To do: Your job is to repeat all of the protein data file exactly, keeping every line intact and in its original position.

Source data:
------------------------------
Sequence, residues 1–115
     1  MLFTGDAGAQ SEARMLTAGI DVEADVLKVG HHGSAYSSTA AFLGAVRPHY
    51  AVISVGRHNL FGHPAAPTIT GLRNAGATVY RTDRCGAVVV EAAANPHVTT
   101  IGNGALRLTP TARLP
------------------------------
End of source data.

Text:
Sequence, residues 1–115
     1  MLFTGDAGAQ SEARMLTAGI DVEADVLKVG HHGSAYSSTA AFLGAVRPHY
    51  AVISVGRHNL FGHPAAPTIT GLRNAGATVY RTDRCGAVVV EAAANPHVTT
   101  IGNGALRLTP TARLP